This in honor of the recent birthday of my youngest, seen here in Fifth Grade, impersonating America’s tubbiest President, William Howard Taft.
For a while there, we were in danger of some real solemnity in this family; of growing downright grave what with practicing the quieter virtues. We had two children at first, both females, and I can tell you we all floated along on a great river of calm.
Even when a third child had come and was, of all things, a boy, we still moved with tranquility, and for a while the baby seemed to do so too – until the day at about 12 months old when he stood up in his crib and began hollering to his stuffed animals. A certain vividness surfaced for us all then; and quiet understatement went down for the third time.
This little boy’s grandmother had been a wise-guy and we all loved that about her. She died when this third child was only three so he doesn’t remember her.
But I found myself calling my sister not much more than a year after her death. “I know this sounds weird, but I think Mom’s back!” is what I told her. Because this third child was a happy little wise-guy himself, and brought to the once-peaceful supper table of family life a level of hilarity we never would have predicted.
He fancied toilet plungers as a First Grader, and when, at the hardware store, he saw a display of very small ones, he cried out with joy and began promptly applying them, with great sucking sounds, to his ears, mouth, and bare tummy. He asked for half a dozen for his birthday.
He told us in Fourth Grade that the teacher said they would need string for that night’s homework.
“What if we have no string?” he asked her. “Use dental floss,” she replied, setting herself up for it. “I can’t,” he answered with mock-sadness. “My family doesn’t believe in oral hygiene.”
We dreaded the next parent-teacher conference.
Around this same time, he got a new jacket imprinted, as these jackets often are, with our town’s name. The nice man helping us pointed out that with so many jackets alike, it was a good idea to have his name stitched on the sleeve.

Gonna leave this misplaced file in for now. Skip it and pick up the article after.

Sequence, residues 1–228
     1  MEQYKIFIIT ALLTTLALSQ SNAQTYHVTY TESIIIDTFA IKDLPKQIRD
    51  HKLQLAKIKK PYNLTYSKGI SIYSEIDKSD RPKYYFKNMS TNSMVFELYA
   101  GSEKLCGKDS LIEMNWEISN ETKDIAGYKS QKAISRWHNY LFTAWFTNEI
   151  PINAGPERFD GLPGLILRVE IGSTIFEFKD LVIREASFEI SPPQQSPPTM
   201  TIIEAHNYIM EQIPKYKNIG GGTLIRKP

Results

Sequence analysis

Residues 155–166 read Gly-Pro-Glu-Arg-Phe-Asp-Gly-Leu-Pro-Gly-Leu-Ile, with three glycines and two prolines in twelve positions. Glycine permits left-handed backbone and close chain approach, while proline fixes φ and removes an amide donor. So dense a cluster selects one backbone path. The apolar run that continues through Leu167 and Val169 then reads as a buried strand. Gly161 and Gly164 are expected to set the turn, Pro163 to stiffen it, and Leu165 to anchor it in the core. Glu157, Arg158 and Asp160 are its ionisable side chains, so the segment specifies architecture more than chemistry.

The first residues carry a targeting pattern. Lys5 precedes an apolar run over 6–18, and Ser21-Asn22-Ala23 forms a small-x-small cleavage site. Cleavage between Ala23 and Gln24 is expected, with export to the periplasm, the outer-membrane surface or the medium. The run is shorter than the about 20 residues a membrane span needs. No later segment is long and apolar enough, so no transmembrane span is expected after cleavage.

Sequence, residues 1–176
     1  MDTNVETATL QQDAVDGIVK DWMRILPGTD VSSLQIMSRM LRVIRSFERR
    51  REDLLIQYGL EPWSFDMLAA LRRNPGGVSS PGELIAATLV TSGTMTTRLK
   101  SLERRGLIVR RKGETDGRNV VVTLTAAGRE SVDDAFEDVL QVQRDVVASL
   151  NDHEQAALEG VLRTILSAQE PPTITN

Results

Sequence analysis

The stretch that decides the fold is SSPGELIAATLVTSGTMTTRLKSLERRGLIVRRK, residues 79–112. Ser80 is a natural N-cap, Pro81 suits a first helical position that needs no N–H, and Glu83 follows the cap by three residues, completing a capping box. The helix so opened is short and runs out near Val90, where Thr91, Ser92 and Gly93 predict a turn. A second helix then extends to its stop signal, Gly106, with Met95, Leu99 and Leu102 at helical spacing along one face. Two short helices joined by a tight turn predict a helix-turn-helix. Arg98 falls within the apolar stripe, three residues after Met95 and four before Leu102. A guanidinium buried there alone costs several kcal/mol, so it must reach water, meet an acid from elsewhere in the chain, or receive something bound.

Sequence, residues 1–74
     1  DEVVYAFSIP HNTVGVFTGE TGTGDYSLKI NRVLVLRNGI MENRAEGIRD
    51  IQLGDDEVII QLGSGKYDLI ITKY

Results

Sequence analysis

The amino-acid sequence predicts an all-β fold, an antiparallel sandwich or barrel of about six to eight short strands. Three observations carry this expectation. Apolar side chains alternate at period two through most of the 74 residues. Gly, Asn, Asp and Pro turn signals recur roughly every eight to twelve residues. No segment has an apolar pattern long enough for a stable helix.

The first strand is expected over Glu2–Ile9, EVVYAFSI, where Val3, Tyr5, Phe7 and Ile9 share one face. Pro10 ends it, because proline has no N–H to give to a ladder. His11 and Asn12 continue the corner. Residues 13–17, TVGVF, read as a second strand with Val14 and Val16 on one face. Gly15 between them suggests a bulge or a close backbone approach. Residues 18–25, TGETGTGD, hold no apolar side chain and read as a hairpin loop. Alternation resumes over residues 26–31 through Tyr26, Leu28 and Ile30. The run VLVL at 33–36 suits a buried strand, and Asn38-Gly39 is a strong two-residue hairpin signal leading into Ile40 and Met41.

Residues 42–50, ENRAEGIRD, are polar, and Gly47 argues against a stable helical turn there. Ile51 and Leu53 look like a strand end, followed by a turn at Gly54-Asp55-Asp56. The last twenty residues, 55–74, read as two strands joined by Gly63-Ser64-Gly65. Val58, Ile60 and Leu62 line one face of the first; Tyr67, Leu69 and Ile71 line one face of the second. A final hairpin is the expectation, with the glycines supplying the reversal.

“OK!” he agreed readily “Only have it say ‘Fatty,’ he added, and three grownups could not talk him out of it.
At this point he was four foot eight inches tall and weighed 72 pounds. Every spring at his yearly checkup, the doctor would say, “Due for a growth spurt soon!’ And every year he would look ironically over at me.
But while we awaited this famous growth spurt, we had some dandy fun.
I recall the time he pulled some hair our of my hairbrush, glued it to his bare chest, sauntered into the living room and said in a theatrically deepened voice, “Dad, I’d like to use the car tonight.”
When he finally turned 11th, I remember we got him everything but more toilet plungers – and also a cake reading “Happy Birthday, Fatty.”
Of course he insisted on being the one to light its million candles; then rushed into the darkened next room and made us march in with it, singing.
“What did you wish?” one of his sisters asked after he blew out the candles.
He wouldn’t say – some things are serious, after all – but I knew what I wished: that night. I wished we could rewind the eleven years and run them clear through again.
And the 11 years that followed them too. Ah, those years too.